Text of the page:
Your Say for Your Uni

National Student Survey Results released

A message from April McMahon, Vice President for Teaching, Learning and Students

The annual National Student Survey Results (NSS) were issued on 15 July, with our University’s overall satisfaction score decreasing from 84% to 81%. Overall, 60% of the final year undergraduate students at our University completed the Survey.

While this has doubtlessly been a highly unusual year with the pandemic and industrial action having an effect, we do not lay the entirety of this disappointing result at that door and we know that, as ever, there is a huge amount we can learn from analysing the data and from the many comments made by students, to help us improve the experience of learning at our University.

We will obtain more data on how we have performed against other universities shortly, but our current position – below the national average and 17th in the Russell Group – clearly needs serious attention.

Although it is tempting to focus on the headline number, we will be looking in much greater depth at this important set of data in its entirety, and our initial analysis shows that some areas such as medicine and law where we placed a particular focus last year have made improvements.

We have 12 subjects across all Faculties where students reported 90% or greater satisfaction and maths has been ranked second in the Russell Group. There are however areas for particular concern in some subjects and in relatively low scores overall for questions on teaching and assessment and feeling part of a community of staff and students.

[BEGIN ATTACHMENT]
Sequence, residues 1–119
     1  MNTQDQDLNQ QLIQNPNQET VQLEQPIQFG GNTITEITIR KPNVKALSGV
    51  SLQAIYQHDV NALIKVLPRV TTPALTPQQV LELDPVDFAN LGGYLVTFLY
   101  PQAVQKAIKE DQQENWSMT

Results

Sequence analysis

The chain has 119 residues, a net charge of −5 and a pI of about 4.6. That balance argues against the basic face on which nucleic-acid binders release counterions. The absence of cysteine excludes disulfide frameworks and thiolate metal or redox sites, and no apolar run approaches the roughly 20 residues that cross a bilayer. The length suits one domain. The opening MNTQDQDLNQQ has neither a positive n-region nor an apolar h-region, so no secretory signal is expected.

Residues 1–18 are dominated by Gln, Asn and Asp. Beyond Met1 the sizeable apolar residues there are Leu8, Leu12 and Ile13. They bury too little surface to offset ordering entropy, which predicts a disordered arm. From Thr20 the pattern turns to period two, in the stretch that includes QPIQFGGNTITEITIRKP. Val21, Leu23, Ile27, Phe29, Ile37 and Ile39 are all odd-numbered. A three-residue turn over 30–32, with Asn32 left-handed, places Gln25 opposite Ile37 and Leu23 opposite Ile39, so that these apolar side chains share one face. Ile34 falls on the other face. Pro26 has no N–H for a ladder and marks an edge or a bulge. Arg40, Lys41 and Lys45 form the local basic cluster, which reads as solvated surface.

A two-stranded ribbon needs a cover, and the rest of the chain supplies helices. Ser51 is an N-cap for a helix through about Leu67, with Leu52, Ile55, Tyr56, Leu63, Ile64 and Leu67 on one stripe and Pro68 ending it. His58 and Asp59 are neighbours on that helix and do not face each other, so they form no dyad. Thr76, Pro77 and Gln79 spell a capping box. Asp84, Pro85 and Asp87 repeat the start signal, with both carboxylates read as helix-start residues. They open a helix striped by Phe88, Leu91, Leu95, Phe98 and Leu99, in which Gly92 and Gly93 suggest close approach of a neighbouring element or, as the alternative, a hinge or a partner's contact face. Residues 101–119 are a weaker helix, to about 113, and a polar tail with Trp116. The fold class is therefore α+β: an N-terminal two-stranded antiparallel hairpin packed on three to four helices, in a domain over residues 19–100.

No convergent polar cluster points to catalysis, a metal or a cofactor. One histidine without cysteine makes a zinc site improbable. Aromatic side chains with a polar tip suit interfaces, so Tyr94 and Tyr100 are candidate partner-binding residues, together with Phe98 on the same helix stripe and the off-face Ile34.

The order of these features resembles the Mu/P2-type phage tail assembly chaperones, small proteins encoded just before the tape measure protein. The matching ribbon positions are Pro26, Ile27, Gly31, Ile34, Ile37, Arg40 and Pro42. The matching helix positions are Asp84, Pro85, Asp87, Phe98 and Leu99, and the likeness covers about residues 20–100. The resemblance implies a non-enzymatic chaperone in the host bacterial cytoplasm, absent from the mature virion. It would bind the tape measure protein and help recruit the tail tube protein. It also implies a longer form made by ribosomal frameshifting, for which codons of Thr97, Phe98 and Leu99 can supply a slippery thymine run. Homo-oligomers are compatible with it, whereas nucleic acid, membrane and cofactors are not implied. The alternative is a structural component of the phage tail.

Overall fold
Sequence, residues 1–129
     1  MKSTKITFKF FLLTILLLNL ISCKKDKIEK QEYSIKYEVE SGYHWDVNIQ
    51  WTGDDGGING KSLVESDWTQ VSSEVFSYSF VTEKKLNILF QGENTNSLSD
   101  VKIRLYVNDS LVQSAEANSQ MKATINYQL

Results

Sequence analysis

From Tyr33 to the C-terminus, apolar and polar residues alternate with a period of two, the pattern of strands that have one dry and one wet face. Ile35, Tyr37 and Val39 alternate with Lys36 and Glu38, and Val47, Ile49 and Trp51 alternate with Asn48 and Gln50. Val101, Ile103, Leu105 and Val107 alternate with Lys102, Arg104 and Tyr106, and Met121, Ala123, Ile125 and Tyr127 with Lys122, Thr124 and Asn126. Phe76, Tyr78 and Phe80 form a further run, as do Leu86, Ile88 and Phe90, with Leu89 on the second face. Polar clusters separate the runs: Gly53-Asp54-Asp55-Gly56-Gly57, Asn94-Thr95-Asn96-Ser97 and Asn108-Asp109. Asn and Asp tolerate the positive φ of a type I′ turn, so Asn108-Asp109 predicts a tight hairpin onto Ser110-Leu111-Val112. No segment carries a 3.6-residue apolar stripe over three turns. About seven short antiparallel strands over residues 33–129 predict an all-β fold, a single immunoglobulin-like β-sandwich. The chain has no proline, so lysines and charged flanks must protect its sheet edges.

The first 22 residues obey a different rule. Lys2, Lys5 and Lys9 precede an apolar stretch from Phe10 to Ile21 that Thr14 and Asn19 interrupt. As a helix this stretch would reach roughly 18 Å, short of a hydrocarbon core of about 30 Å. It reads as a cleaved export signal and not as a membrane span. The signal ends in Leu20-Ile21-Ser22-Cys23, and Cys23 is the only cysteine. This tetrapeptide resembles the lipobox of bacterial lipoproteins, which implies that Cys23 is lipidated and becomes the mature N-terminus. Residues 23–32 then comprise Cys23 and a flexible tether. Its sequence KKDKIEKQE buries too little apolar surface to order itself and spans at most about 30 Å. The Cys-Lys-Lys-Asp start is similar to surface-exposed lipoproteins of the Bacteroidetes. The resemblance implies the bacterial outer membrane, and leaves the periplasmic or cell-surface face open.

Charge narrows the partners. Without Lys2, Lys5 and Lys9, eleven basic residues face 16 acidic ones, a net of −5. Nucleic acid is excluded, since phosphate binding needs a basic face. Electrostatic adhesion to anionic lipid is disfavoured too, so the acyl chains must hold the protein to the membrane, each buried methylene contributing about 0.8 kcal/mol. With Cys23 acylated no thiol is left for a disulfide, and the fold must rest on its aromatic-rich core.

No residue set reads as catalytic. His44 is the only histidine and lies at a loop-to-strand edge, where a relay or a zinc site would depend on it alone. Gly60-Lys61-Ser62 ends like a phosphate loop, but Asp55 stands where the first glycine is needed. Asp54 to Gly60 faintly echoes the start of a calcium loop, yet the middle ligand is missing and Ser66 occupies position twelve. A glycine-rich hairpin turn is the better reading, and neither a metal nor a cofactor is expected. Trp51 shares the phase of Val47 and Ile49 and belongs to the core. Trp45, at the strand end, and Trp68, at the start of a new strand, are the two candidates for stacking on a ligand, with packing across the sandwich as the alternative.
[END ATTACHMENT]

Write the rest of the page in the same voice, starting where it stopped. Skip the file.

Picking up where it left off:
In response, through our Faculties and Schools and the new Institute of Teaching and Learning we will be embedding the best of our University’s practices across campus and helping areas that need more support to excel, including through the creation of student experience action plans for each of our degree programmes.

Every final year student who filled in the survey wanted to tell us something, positive or negative, and we are committed to learning from their experiences to improve yours.

Kind regards

Professor April McMahon  

Vice-President for Teaching, Learning and Students

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